Oscar F. Perdomo

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Oscar Francis Perdomo
Perdomo2.jpg
1st Lt. Oscar Francis Perdomo
Last "Ace in a day" for the United States in World War II
Born (1919-06-14)June 14, 1919
El Paso, Texas
Died March 2, 1976(1976-03-02) (aged 56)
Los Angeles, California
Allegiance United States of America
Service/branch US Army Air Corps Hap Arnold Wings.svg United States Army Air Forces
Seal of the US Air Force.svg United States Air Force
Years of service 1943-1947 (USAAF)
1947-1950, 1952-1958 (USAF)
Rank US-O4 insignia.svg
Major
Unit 464th Fighter Squadron
Battles/wars World War II
Korean War
Awards Distinguished Service Cross
Air Medal with oak leaf cluster

Major Oscar Francis Perdomo (June 14, 1919 – March 2, 1976), a recipient of the Distinguished Service Cross, was a United States Air Force officer who was the last “ace in a day” for the United States in World War II.

Early years[edit]

Perdomo was born June 14, 1919 in El Paso, Texas, one of five siblings born to Mexican immigrants to the United States.[1] His father served in the Mexican Revolution under the command of Francisco "Pancho" Villa before emigrating to the United States.

Military service[edit]

Lt. Perdomo poses with his aircraft

In February 1943, Perdomo entered an Army Air Forces (AAF) Pilot School in Chandler, Arizona. The AAF schools were civilian flying schools, under government contract, which provided a considerable part of the flying training effort undertaken during World War II by the Army Air Forces. Perdomo received his "wings" on January 7, 1944. He was then sent to the Army Air Forces Basic Flight School at Chico, California, where he underwent further training as a Republic P-47 Thunderbolt pilot. Upon the completion of his training he was assigned to the 464th Fighter Squadron which was part of the 507th Fighter Group that was sent overseas to the Pacific theater to the Island of Ie Shima off the west coast of Okinawa. The primary mission of the 507th was to provide fighter cover to 8th Air Force Boeing B-29's which were to be stationed on Okinawa.[2]

The 507th began operations on July 1, 1945. Perdomo was assigned P-47N-2-RE number 146 aircraft (serial number 44-88211), maintained by crew chief S/Sgt. F. W. Pozieky. Perdomo nicknamed his airplane Lil Meaties Meat Chopper with the nose art depicting a diapered baby chomping a cigar in his mouth and derby hat on his head, clutching a rifle. The name referred to his first son, Kenneth, then a year and a half old. Perdomo flew his first combat mission on July 2, while escorting a B-29 to Kyushu.

Ace in a Day[edit]

A “flying ace” or fighter ace is a military aviator credited with shooting down five or more enemy aircraft during aerial combat. The term “ace in a day” is used to designate a fighter pilot who has shot down five or more airplanes in a single day. Since World War I, a number of pilots have been honored as “Ace in a Day”. The last “Ace in a Day” for the United States in World War II was 1st Lt. Oscar Francis Perdomo.[3]

P-47 Thunderbolt

Perdomo was a first lieutenant and a veteran of ten combat missions when on August 9, 1945 the United States dropped the world's second atomic bomb on Nagasaki, Japan. The allies were still awaiting Japan’s response to the demand to surrender and the war continued, when on August 13, 1945 1st Lt. Perdomo, shot down four Nakajima “Oscar” fighters and one Yokosuka “Willow” Type 93 biplane trainer. While the 507th Fighter Group mission reports confirm his kills as "Oscars", they were actually Ki-84 "Franks" from the 22nd and 85th Hiko-Sentais. The combat took place near Keijo / Seoul, Korea when 38 Thunderbolts of the 507th Fighter Wing, USAAF, encountered approximately 50 enemy aircraft. It was Perdomo's last combat mission, and the five confirmed victories made him an “Ace in a Day” and thus the distinction of being the last “Ace” of the United States in World War II. He was awarded the Distinguished Service Cross and the Air Medal with one leaf cluster.[4]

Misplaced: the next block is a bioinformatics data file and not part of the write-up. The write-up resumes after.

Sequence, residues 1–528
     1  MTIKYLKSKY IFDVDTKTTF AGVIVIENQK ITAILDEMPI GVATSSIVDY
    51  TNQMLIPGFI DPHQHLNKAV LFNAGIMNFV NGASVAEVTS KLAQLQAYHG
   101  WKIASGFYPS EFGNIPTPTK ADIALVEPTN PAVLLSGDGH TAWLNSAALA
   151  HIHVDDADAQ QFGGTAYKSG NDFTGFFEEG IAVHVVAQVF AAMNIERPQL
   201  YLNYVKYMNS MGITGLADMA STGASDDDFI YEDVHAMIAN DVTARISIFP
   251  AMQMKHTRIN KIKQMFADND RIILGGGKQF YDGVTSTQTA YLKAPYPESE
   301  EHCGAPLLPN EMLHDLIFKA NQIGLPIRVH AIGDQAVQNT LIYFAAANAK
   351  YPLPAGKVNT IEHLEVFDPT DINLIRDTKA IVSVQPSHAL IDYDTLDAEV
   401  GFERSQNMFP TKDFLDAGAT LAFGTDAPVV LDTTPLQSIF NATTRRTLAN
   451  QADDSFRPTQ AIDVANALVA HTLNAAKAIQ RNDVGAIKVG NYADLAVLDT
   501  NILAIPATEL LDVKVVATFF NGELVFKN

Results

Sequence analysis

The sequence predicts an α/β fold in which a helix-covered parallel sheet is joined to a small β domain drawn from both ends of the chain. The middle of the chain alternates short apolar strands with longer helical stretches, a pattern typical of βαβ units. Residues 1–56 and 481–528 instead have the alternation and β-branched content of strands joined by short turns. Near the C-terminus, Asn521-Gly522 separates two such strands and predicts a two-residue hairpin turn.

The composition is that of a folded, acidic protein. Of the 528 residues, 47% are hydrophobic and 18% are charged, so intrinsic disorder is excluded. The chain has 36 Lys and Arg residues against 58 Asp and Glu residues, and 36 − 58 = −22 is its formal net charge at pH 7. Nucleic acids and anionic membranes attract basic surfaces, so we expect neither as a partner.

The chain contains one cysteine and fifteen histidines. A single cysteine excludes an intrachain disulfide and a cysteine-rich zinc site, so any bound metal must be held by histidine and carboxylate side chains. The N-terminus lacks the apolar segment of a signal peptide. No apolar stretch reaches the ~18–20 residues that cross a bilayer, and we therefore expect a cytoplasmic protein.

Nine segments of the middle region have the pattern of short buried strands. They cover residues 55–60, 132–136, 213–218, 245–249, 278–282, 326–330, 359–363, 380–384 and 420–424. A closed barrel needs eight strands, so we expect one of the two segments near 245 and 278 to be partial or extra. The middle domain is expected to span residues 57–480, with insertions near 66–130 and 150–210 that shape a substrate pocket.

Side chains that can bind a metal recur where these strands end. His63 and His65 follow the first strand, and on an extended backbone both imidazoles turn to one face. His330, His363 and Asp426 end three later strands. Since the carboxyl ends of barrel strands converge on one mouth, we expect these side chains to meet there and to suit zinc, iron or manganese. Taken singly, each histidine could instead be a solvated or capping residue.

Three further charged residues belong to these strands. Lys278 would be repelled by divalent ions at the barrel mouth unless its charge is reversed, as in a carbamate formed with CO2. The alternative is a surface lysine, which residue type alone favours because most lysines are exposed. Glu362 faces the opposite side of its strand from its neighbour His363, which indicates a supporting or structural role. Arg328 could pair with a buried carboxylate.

Post World War II[edit]

After the war, Perdomo continued to serve in the Army Air Force. In 1947, he was reassigned to the newly formed United States Air Force and served until January 1950. When Perdomo returned to civilian life, he joined the Air Force Reserve. On June 30, 1950, Perdomo was recalled to active duty upon the outbreak of the Korean War at the rank of Captain. He continued to serve in the Air Force until January 30, 1958 when he left the military at the rank of Major.[5]

Later years[edit]

Perdomo was emotionally affected when his son, SPC4 Kris Mitchell Perdomo, was one of 3 men killed on May 5, 1970, aboard a U.S. Army helicopter UH-1 Iroquois which crashed and exploded about 5 miles southwest of the city of Phy Vinh in Vĩnh Bình Province, South Vietnam.[6] He had trouble coping with the situation and developed an addiction to alcohol, which took Major Oscar F. Perdomo's life on March 2, 1976.[7] He was proclaimed dead upon his arrival at USC Medical Center, Los Angeles. His name is inscribed in the United States Air Force Memorial.[8]

Military decorations and awards[edit]

Major Oscar F. Perdomo's military decorations include the following:

Badges:

See also[edit]

References[edit]

  1. ^ "Oscar F. Perdomo Personal Papers (SDASM.SC.10115)". Online Archive of California. San Diego Air and Space Museum. Retrieved 2 November 2016. 
  2. ^ Cavanaugh Flight Museum
  3. ^ Definition of "Ace"
  4. ^ P-47N
  5. ^ Americas Defense
  6. ^ Helicopter UH-1C 66-15148
  7. ^ The Search for the Hispanic Ace of the Korean War; More Messages Posted section
  8. ^ United States Air Force Memorial

External links[edit]

"Oscar Perdomo (Photo Collection)". Flickr. San Diego Air and Space Museum Archives.